established the evilness of the monster.
• The last frame was from the chorus of the song and was a line that translated to “wash our hands, rub, rub, rub.” It was a line that occurred multiple times in the song. The simple, catchy chorus was sure to stay in every listener’s mind. It showed how repetition helped in branding and message recall. The use of subtitles ensured that a Vietnamese song was able to reach a universal audience.

How can we plan a good communication strategy?
1. Characteristics
Consistency: Particularly when it comes to social media campaigns, the one thing worth
remembering is consistency. This does not come overnight. Communication is anchored on consistency, irrespective of the different platforms used.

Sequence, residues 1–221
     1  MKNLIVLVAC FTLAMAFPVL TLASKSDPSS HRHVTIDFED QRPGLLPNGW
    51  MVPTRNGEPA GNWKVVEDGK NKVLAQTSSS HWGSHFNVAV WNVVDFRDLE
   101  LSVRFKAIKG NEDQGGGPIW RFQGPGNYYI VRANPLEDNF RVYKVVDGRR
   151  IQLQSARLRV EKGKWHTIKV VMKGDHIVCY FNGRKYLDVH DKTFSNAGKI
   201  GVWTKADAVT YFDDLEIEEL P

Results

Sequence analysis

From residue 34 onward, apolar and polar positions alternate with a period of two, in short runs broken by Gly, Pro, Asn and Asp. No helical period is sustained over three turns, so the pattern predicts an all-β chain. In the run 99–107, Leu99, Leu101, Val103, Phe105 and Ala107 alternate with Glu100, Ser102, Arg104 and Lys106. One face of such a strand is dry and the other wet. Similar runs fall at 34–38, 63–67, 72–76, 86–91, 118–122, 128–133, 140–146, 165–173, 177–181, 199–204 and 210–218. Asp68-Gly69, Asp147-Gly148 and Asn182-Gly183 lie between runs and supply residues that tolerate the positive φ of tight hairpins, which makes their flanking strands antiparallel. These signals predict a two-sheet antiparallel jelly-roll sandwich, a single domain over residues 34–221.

Attention to detail and personalisation: This is something that is often forgotten but goes a long way in establishing relationships. Key areas of personalisation include the names of the people, names of organisation, spellings, capitalization of names, etc.

Storytelling: All communication is storytelling. Most effective storytelling is a combination of emotions and facts, and this is worth keeping in mind when creating content.

2. Actions
Choosing platform: While communication may be undergoing a major shift towards digital platforms (websites, e-brochures, etc.), it is important to recognise that this may not be always necessary. Choice of platform should be undertaken after considering your project and specific stakeholders.

Networking and offline activity: Most NGOs often neglect this mode of communication. However, it is very important to take as many opportunities as we can to speak about our work in person.Examples could be at networking events, conferences, etc.